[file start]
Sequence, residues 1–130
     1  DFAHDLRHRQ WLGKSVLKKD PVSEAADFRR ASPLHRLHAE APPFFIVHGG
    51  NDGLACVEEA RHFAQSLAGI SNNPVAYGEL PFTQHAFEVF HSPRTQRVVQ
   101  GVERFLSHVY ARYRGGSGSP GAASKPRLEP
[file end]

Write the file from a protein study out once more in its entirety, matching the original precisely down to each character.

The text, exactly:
Sequence, residues 1–130
     1  DFAHDLRHRQ WLGKSVLKKD PVSEAADFRR ASPLHRLHAE APPFFIVHGG
    51  NDGLACVEEA RHFAQSLAGI SNNPVAYGEL PFTQHAFEVF HSPRTQRVVQ
   101  GVERFLSHVY ARYRGGSGSP GAASKPRLEP